U.S. and partners’ forces conducted defensive strikes against military targets in Houthi-controlled parts of Yemen this week following a series of attacks launched by the armed rebel group against commercial ships operating in the Red Sea. The joint strikes were carried out by the U.S. and United Kingdom with nonoperational support from Australia, Bahrain, Canada, and the Netherlands. They targeted Houthi missile, radar, and unmanned aerial vehicle capabilities used to carry out attacks against vessels operating in international waters.
While some have been saying the strikes require Congressional approval, this is not the case.
The Navy Act of 1794, officially titled “An Act to provide a Naval Armament,” was passed by the United States Congress and signed into law by President George Washington on March 27, 1794. This legislation marked a significant step in the establishment of the United States Navy.
The Navy Act of 1794 authorized the construction and maintenance of a fleet of six frigates. These frigates were the USS United States, USS Constitution, USS Constellation, USS Congress, USS Chesapeake, and USS President. The purpose of these naval vessels was to protect American commerce from threats posed by pirates and hostile nations.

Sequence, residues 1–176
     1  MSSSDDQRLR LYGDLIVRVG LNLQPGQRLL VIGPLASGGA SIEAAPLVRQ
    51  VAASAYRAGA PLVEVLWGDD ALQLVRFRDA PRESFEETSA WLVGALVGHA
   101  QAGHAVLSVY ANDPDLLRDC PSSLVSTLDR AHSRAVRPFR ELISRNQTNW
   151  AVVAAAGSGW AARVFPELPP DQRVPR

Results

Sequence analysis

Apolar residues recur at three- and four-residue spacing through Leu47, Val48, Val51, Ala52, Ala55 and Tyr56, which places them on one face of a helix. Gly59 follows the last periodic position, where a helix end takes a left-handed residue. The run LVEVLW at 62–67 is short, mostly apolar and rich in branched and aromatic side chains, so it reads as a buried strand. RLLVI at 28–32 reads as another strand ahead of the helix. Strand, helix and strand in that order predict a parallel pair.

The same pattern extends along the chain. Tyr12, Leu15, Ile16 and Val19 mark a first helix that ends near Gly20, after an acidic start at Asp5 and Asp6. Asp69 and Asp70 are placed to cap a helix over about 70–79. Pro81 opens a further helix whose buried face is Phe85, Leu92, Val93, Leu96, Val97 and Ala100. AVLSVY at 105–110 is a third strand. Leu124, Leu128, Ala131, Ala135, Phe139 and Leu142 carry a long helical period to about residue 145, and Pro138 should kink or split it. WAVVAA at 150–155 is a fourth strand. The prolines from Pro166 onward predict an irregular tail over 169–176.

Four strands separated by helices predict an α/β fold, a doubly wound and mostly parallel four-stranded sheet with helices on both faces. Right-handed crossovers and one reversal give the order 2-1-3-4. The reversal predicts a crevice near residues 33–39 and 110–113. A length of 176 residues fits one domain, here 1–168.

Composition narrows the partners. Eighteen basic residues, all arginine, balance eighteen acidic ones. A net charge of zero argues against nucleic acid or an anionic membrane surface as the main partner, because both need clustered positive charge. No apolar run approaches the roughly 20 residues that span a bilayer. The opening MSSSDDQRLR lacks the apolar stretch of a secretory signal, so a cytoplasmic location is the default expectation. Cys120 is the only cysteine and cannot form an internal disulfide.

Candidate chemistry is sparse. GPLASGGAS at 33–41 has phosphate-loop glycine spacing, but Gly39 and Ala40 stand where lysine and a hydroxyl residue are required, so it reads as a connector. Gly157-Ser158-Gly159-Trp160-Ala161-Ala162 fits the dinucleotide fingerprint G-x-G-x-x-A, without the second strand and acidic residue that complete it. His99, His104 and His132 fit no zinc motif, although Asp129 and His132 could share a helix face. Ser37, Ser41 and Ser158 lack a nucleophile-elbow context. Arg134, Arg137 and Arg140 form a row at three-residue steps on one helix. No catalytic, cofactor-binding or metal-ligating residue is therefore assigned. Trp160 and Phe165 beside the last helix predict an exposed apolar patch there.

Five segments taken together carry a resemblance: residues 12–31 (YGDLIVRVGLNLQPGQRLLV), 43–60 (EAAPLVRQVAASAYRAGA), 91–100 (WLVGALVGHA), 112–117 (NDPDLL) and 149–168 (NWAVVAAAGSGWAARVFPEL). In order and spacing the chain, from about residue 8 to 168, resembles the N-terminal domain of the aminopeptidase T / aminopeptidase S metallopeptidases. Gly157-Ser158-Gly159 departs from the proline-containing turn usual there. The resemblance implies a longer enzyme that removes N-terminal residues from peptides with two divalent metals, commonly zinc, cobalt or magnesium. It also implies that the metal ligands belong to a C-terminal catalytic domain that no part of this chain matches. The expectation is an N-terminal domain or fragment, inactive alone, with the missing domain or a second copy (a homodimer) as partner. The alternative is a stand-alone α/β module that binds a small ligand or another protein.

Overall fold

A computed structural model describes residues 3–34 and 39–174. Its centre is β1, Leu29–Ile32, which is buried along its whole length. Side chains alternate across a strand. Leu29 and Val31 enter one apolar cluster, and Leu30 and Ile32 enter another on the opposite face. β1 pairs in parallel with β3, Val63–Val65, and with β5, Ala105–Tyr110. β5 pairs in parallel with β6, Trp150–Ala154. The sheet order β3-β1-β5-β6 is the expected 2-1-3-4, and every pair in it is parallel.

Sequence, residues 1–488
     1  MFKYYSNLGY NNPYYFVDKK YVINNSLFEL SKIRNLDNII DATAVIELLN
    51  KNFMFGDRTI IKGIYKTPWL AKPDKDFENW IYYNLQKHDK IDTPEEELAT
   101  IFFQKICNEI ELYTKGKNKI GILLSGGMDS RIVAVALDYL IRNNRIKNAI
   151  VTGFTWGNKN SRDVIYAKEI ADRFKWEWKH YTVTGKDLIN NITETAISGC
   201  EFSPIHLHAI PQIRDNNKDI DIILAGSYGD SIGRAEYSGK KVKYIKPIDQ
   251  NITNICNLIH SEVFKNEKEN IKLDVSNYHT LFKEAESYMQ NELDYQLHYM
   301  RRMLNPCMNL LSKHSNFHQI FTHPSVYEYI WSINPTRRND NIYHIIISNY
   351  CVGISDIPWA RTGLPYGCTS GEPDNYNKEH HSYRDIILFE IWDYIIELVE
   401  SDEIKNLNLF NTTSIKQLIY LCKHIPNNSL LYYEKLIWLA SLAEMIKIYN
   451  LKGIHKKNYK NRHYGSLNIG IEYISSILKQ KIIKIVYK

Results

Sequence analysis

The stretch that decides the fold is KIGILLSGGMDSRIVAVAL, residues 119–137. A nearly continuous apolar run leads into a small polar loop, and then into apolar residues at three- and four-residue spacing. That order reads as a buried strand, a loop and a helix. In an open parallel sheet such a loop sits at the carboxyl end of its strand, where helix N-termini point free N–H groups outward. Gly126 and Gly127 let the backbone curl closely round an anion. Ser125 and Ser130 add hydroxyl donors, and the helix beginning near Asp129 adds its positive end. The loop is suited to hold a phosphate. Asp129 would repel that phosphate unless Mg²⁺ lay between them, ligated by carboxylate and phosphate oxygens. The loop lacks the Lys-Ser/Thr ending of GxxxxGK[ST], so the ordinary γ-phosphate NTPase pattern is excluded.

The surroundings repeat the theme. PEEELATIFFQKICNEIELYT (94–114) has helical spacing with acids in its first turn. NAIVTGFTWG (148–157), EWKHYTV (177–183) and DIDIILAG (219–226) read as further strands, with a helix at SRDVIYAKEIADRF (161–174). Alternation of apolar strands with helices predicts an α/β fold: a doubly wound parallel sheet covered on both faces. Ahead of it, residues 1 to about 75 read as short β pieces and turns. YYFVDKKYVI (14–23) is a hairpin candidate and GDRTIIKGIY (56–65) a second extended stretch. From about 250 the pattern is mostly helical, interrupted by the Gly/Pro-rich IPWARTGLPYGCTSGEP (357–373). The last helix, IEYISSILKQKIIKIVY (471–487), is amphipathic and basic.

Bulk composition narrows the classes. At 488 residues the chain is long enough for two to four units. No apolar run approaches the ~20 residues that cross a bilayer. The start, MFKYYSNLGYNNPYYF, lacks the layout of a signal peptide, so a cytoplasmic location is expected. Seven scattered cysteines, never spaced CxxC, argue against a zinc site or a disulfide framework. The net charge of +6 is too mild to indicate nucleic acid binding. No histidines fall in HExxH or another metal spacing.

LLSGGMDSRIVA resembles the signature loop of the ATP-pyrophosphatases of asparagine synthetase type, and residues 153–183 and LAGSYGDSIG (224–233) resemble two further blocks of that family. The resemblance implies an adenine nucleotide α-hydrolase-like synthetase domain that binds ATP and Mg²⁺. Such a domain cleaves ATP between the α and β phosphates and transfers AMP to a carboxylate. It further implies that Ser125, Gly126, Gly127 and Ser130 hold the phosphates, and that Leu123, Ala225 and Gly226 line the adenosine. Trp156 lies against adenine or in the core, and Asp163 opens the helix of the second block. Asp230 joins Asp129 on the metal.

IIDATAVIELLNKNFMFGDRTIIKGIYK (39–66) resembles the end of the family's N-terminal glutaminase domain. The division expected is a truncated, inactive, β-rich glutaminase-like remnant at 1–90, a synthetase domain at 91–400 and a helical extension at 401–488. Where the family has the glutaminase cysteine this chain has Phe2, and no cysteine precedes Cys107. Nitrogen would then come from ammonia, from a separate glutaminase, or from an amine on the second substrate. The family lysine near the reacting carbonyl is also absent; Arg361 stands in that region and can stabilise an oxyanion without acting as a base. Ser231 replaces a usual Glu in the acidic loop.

This act reflected the growing realization that a strong navy was essential for safeguarding American interests and ensuring the security of maritime trade. The establishment of the U.S. Navy played a crucial role in protecting American merchant vessels and projecting national power on the high seas.
The Navy Act of 1794 laid the foundation for the development of the U.S. Navy as a permanent and powerful naval force, contributing to the nation’s maritime capabilities and defense posture.